An expression amongst birders is – to go naked. That means don’t go without binoculars. That’s what we’re doing here since customs and airport security confiscated our binoculars and scopes upon entry to Egypt. We did some manoeuvring with different flights etc, so we actually have one Swarovski scope and we also have the two 400mm lens cameras, plus a borrowed bin, thus we actually get by. Gear will be returned to us when we leave the country. Anyways, apart from the authorities here, birding is great.
First actual birding day, we went on a short boat trip in Hurugada, vaguely searching for Sooty Falcon over the city. We did get excellent views of the common White-eyed Gull.
As well as one single Sooty Gull.
Started the long dive through the desert towards Luxor and the famous Crocodile Island. The road was strange, almost empty and good asphalt. Lots and lots of Spotted Sandgrouse along the road.
Stayed at a fancy pants hotel in Luxor, and we throughly enjoyed a beer in the evening, watching the massive Nile flow by and listening to the displaying Senegal Thick-knees.
Once on Crocodile Island, we went with the first light searching for the Painted Snipe, which was fairly easy to locate. Apparently it is common in suitable habitat along this stretch of the Nile. It’s a skulky bird though, and if they are inside the reeds, they can be missed.
The impressive African Swamphen was also common on Crocodile Island.
The Island also had quite a few of Green Bee-eater, the Cleopatra sub species which lacks blue. Nice bird.
Herons breed by the thousands along the Nile, especially Squacco is common.
Driving south along the Nile we did several short stops looking for African Skimmer. Later we learned that the Skimmers are only present along the Nile in the winter. The Nile is spectacular, wherever you look into the water it is just boiling with fish and other critters. No wonder there are so many Herons and Kingfishers.
The Barn Swallows in Egypt are of the sub species savignii and they are beautifully dark.
Next spot was the city of Aswan where we arrived in the evening. Mårten suggested that we should check out the dam, so we drove to vantage point in the last light and brought up our only scope, soon we saw militaries in the distance coming running towards us, thus we packed up real fast and drove off real fast feeling real stupid. Of course the dam is protected, what were we thinking of. Close call.
First light next day, we went to the fish ponds of Aswan where we were able to quickly locate the Three-banded Plovers. These fish ponds are well known to birders, and if you go really early in the morning, there are no guards and you can enter freely.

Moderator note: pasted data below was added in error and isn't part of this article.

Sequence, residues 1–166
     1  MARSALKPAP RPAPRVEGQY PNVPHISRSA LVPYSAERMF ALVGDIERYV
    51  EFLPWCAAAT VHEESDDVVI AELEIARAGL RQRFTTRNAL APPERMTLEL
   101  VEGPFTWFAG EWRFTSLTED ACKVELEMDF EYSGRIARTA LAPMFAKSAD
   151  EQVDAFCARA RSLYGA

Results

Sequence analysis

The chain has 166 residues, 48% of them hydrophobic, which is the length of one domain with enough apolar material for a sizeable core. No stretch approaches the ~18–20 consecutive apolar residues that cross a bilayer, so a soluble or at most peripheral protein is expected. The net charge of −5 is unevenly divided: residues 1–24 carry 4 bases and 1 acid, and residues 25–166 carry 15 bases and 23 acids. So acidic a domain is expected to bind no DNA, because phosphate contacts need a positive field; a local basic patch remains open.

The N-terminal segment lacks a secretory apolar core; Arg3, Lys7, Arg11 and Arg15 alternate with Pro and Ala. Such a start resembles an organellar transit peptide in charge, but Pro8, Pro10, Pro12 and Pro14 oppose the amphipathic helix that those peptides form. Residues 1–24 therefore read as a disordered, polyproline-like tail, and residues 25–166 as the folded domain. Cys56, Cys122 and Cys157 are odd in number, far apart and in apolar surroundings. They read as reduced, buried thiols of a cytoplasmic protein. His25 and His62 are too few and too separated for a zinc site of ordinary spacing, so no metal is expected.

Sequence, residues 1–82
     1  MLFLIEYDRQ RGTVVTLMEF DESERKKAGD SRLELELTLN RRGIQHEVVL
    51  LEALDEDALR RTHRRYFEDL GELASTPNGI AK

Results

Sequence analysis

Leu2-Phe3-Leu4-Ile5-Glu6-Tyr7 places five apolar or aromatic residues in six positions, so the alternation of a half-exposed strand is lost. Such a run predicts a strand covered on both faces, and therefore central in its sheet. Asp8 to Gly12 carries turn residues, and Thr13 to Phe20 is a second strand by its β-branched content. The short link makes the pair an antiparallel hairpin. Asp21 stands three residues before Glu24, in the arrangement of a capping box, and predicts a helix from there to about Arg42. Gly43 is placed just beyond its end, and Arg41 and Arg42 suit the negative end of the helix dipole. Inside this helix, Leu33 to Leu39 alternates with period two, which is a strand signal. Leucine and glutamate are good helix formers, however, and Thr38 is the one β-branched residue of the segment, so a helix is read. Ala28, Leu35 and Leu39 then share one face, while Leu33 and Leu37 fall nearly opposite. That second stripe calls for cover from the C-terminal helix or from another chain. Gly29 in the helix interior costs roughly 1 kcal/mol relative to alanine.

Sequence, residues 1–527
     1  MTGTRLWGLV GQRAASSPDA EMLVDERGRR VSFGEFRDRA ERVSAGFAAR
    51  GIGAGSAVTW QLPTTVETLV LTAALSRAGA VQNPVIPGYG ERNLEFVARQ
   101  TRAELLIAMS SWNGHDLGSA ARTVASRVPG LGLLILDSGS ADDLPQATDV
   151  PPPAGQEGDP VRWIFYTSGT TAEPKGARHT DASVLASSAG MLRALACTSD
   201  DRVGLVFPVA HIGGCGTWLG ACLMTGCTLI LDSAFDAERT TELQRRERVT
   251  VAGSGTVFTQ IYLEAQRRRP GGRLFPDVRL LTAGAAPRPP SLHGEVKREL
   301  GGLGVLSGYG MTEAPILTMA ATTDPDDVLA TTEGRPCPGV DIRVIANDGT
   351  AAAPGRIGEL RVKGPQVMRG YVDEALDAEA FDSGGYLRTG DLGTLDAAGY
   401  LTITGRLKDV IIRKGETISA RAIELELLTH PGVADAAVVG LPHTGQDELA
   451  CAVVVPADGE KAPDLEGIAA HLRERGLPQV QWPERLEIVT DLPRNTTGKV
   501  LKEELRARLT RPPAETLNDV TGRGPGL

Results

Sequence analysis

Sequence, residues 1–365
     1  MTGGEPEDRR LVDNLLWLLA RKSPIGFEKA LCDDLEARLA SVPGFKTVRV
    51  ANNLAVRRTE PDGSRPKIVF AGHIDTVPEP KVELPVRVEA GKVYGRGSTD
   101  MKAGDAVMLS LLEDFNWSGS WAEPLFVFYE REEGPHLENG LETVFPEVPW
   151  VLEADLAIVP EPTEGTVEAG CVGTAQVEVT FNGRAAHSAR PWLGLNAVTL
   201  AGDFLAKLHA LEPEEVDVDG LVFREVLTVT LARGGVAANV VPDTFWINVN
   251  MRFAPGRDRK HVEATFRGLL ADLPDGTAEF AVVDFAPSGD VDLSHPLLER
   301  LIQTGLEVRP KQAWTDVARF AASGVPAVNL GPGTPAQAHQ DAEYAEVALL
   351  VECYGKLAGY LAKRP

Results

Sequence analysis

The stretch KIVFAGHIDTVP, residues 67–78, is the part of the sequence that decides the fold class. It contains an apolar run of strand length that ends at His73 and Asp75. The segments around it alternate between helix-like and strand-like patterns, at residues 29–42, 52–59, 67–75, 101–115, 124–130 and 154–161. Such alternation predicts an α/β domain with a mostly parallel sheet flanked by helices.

Birding in the ponds was generally good, and we got our first good views of the Nile-valley Sunbird which we’d only seen poorly earlier (No bins !!)
Heading further south towards the WP border and the city of Abu Simbel where I now sit and write this. Staying at a nice, albeit pricey place called Nubian Guesthouse (not much to choose from here)
Abu Simbel is truly a famous WP birder spot, just on the border of Sudan. Many african vagrants have been found here over the years, and the big Lake Nasser also hosts a couple of WP price birds. Arrived here in the afternoon and immediately went birding along all the small bays north of Abu Simbel. Two tools are invaluable here, Google Maps Satellite and a good 4WD car, not just any 4WD but a rough one. We have a Jeep Wrangler and driving mud and sand is almost as fun as birding, but not quite. The third or fourth bay we checked, a Kittlitz’s Plover came flying in calling ‘kittlitz’ ‘kittlitz’ (Is that a coincidence or what’s the story behind that ?? Kittlitz was a naturalist in the early 19’th century, was he given the Plover due to the call ??)
Next day we had organized (through the Guesthouse) an all-day boat trip on Lake Nasser. Went at first light with packed lunch. On one small island, we found two African Pied Wagtails.
Soon the wind picked up, and we were not able to pursue further north towards a bay where we the previous day had seen a couple of Pelicans in the far distance. We had to turn back. After a short stop on an island, the motor broke down. Eventually help arrived and we headed back to the guesthouse for lunch. Good birding in the lake though, few but good species.
Clamorous Reed Warblers and Graceful Prinias are abundant.
The Island where we were stranded when the motor broke down hosted a number of Senegal Thick-knees. In the evenings you hear this species everywhere but they hide well during daytime, requiring some work to get good views.
The temperature here now is nice, not too hot. Swimming in the lake is refreshing though.
In the afternoon we took the car, heading for the bay where we had earlier seen the Pelicans. Off road driving like crazy, we come to a couple of sheds. Suddenly a couple of guys take off in a hurry, running. They are as afraid of the authorities as we are. Our black Jeep looks intimidating. Mårten understand quickly what’s happening and manages to hold the guys off. Once they understand that we’re not authorities, Mårten offers some cigarettes, we’re all friends. Their bay does indeed host a couple of Pelicans. The first ones we see are Great White Pelicans though, we’re looking for the Pink-backed Pelican. Eventually two Pelicans come flying in, landing in the distance, and the looked smaller. Drove there and – Dang! – Pink-backed.
Tried some more bays and points for the African Skimmer, but no luck. The Skimmer is the second bird this year that we miss, the first was the Shikra in Kuwait. We met a group of German ringers at the Guest House, they had been on the Lake Nasser for two weeks, ringing on the islands. They hadn’t seen any Skimmers in two weeks on the lake, so I guess they are still in Sudan. Win some – loose some.